More businesses want to join in on the effort to get people vaccinated.
Concert venues and hotels have said they're ready to help. Now, more companies outside those industries are stepping up.
“Honeywell down in North Carolina has actually streamlined the vaccination process there, cutting the wait times from 10 minutes to 30 seconds when you show up to fill out the initial paperwork. In Maine, lawyers have banded together to provide volunteers to help service in the non-clinical service of the vaccination sites,” said Neil Bradley, Executive Vice President of the U.S. Chamber of Commerce.
Bradley says even if these companies don't have medical experience, they still have resources and manpower that can help with other aspects of the vaccination process.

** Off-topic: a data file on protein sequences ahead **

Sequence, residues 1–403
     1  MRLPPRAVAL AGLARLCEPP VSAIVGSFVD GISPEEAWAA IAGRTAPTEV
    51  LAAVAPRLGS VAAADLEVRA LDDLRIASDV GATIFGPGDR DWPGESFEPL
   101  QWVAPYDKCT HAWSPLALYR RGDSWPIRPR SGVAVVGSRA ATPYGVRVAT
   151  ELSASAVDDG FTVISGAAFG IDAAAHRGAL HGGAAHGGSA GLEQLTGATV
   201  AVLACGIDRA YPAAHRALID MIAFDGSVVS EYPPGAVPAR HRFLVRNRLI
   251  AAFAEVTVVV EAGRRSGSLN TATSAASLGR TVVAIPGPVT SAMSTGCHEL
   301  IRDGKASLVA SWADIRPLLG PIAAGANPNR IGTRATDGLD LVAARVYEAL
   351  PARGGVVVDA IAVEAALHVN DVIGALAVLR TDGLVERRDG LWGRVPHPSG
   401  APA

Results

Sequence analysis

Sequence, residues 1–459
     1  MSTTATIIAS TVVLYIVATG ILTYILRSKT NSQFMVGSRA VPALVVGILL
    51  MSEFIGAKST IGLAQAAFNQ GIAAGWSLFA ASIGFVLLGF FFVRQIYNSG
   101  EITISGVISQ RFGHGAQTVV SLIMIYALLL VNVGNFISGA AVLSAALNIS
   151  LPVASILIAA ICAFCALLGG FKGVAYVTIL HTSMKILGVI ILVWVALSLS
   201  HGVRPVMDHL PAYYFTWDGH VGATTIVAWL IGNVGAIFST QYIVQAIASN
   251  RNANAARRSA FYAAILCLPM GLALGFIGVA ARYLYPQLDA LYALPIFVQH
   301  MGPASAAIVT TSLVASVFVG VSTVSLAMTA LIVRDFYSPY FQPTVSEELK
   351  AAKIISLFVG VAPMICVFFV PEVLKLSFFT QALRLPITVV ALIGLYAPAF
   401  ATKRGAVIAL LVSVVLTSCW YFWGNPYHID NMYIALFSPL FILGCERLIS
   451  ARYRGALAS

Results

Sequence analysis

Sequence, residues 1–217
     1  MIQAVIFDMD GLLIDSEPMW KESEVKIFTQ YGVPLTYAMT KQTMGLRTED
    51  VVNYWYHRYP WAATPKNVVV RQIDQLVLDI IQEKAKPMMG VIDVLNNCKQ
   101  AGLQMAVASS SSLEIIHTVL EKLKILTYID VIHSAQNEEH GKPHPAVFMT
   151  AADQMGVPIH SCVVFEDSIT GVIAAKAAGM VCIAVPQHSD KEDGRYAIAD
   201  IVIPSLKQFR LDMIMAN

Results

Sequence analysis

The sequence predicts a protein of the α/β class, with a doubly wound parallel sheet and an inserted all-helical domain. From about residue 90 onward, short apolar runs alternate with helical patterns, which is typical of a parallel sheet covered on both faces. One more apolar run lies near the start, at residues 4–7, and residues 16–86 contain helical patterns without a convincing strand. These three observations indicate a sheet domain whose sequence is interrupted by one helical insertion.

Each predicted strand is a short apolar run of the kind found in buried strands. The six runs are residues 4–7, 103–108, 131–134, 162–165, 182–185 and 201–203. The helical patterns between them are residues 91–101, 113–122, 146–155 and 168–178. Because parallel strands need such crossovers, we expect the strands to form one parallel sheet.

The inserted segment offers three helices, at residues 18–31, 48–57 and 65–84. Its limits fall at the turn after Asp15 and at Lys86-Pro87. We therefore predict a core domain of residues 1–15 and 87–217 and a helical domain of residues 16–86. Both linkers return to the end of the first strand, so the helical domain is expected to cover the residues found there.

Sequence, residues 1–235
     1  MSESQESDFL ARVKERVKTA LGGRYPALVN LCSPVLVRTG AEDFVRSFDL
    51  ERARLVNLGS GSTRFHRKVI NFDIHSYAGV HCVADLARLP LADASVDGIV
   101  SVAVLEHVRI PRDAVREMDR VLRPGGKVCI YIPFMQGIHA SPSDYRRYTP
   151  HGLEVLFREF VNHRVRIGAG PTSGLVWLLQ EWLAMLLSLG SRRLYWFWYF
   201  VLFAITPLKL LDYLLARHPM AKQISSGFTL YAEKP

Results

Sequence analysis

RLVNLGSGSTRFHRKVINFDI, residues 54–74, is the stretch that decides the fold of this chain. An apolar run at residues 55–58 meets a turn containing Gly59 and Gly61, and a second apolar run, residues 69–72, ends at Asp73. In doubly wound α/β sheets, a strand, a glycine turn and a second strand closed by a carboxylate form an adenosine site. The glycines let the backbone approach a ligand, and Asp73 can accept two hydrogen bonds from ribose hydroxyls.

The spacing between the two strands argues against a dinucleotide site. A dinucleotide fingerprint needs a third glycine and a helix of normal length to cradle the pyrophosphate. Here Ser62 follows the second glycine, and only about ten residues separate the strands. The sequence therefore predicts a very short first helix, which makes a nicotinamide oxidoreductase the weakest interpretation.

Even small businesses can help.
“So, one of the things that businesses generally are good at are those logistical type things, those record management aspects of it, and that's a huge resource that businesses are already bringing,” said Bradley.
Venue space is also a huge resource. Factories, hotels and theme parks are just some of the places that have an upper hand in hosting vaccination events.
The U.S. Chamber of Commerce says businesses want to help so they can speed up the reopening and recovery of the economy.